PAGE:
1. Vanessa and Dave guard our pile of luggage at the Valencia airport. 2. Mark and Tiago review specimens at MCNG. 3. Tissuing a number of fish we collected from the Tucupido River near Guanare, where an apparent pesticide spill caused many large fish to be much easier to collect than usual. 4. Group photo before departing on our long drive from Guanare to Puerto Ayacucho. 5. The Ministry of Agriculture fish collection in Puerto Ayacucho. 6. Group photo near the Raudales Autures. 7. Katie collecting water nutrient data among the basalt boulders of the Raudales Autures. 8. Tissuing. 9. Katie continues here ecological data collection into the night. 10. Mark photographs a Dekeyseria in the piece of wood where it was hiding. 11. The aquatic caecilian Potamotyphlus kaupii. 12. Our research vessel the Lupe Melys docked for the night. 13. Taking photos during the magic hour. 14. A rotenone station near the confluence of the Orinoco and Ventuari rivers. 15. Tiago makes his own plaque at Manaca, a sport-fishing lodge on the upper Orinoco. 16. A pile of fish collected via gill net. 17. Loricariid specimens drying in a field oven, to be later ground and analyzed for nutrients. 18. Oscar admires the rack of a fileted Cichla temensis. 19. Team Corroncho. 20. Katie and Vanessa with parrot cichlids (Hoplarchus psitticus). 21. Our hammocks hung in the main lodge of Cacurí. 22. Oscar points to a lure made of a local seed and a hook (23.), which a fisherman from Cacurí was using to fish for an endemic serrasalmid. 24. The Manapiare River at the landing for San Juan de Manapiare. 25. Mark and Dave pack specimens for export. 26. Dave, Mark, Katie, and Tiago board the plane back to Puerto Ayacucho. 27. José in the bow, heading up the Manapiare. 28. Setting a gill net. 29. Tissueing onboard the Lupe Melys. 30. Enjoying the magic hour. 31. José holds up a Hemiancistrus cf. subviridis collected near Samariapo. 32. A few large fish caught by bag-seining the Orinoco main channel near Caicara del Orinoco. 33. José throws his cast net in the Caura River. 34. Vanessa and I with our prize – a specimen of Chaetostoma vasquezi caught in a gill-net drapped around the base of a large boulder. 35. Preparing to give a seminar at UNELLEZ. 36. One last group photo with (L to R) José, Vanessa, me, Oscar, Otto Castillo (Curator of Fishes at MCNG), and Alvaro Cedeño.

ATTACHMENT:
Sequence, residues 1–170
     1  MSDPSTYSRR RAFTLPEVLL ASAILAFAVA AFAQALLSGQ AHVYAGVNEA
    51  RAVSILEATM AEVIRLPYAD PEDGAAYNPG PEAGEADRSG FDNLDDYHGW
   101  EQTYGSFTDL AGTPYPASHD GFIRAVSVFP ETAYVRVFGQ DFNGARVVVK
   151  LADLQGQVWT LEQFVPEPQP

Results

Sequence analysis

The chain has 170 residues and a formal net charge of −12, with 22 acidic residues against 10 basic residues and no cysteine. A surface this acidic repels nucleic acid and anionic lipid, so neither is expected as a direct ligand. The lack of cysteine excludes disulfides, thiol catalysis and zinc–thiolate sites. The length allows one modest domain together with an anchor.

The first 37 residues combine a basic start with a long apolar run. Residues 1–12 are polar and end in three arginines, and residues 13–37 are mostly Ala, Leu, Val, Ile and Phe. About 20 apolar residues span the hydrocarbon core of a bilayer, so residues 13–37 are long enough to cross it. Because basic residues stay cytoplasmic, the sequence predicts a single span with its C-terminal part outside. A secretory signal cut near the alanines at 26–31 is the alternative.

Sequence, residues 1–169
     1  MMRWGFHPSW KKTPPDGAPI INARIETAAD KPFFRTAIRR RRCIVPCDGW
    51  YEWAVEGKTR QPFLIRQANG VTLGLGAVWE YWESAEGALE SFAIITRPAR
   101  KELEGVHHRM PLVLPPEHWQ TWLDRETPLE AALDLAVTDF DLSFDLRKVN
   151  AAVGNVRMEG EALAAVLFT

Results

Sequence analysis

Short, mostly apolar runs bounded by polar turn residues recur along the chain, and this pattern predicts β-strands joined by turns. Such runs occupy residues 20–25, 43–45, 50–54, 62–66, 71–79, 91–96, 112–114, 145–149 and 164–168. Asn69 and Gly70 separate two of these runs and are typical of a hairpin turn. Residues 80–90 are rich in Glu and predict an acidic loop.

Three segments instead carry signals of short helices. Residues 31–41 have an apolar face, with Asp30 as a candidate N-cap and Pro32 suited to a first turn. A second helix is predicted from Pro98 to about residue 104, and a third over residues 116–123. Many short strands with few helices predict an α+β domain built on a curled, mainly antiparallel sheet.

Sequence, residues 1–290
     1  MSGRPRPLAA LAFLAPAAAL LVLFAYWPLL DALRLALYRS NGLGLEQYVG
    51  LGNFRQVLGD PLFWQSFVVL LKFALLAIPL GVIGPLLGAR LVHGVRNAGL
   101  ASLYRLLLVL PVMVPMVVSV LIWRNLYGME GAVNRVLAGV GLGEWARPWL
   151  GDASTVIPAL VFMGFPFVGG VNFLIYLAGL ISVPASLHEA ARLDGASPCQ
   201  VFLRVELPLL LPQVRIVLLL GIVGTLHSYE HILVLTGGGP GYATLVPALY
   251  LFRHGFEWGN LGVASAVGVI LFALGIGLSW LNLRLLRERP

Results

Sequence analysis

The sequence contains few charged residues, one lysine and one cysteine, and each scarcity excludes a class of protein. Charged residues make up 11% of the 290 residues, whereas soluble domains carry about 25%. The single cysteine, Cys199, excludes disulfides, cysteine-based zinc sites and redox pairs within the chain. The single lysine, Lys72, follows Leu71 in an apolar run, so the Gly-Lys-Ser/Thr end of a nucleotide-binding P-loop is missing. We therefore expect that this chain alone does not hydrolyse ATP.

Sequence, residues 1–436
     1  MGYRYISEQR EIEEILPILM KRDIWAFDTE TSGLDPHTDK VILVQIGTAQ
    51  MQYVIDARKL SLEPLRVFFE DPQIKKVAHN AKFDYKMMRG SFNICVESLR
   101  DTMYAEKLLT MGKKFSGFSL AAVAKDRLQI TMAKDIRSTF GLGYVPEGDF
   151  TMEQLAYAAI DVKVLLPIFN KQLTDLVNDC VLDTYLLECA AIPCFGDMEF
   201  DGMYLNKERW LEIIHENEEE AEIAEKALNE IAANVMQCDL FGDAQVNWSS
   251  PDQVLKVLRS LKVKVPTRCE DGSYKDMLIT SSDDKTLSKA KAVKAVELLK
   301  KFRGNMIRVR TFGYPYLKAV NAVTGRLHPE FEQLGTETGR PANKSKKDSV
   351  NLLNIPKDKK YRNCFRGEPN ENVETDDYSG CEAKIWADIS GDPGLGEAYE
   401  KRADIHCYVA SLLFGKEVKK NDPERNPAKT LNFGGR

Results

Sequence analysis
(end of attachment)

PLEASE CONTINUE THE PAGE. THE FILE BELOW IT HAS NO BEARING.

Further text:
Fishes

1

2

3

4

5

6

7

8

9

10

11

12

13

14

15

16

17

1. Moenkhausia copei2. Hyphessobrycon sp., 3. Moenkhausia oligolepis4. Exodon paradoxus5. Creagrutus phasma6. Creagrutus maxillaris7. Carnegiella marthae.  8. Pareiodon orinocensis, 9. Characidium cf. declivirostre, 10. Pseudanos winterbottomi, 11. Characidium longum, 12. Characidium zebra, 13. Typhlobelus guacamaya, one of the smallest species of catfishes in the world, 14. Leptocharacidium omospilus, 15. a series of variously amelanistic Ancistrus macrophthalmus, 16. Pseudolithoxus kelsorum Lujan & Birindelli 2011, a new species discovered during this expedition, 17. a juvenile Pellona cf. flavipinnus.

Sponsors

This fieldwork was sponsored by the National Geographic Committee for Research and Exploration grant #8721-09, the Coypu Foundation, and

The Aquatic Critter Inc. 

1